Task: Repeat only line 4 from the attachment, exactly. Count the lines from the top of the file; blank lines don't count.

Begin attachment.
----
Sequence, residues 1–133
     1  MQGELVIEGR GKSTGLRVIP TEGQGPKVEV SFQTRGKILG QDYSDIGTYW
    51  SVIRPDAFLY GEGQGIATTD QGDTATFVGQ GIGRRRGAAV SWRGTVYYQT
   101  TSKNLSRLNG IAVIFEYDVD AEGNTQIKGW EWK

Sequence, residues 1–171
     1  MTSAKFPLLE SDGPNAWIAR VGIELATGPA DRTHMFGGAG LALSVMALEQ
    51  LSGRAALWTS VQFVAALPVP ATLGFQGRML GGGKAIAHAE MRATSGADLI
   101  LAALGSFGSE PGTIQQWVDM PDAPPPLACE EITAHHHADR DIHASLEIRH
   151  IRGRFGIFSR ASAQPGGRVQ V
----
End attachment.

   101  TSKNLSRLNG IAVIFEYDVD AEGNTQIKGW EWK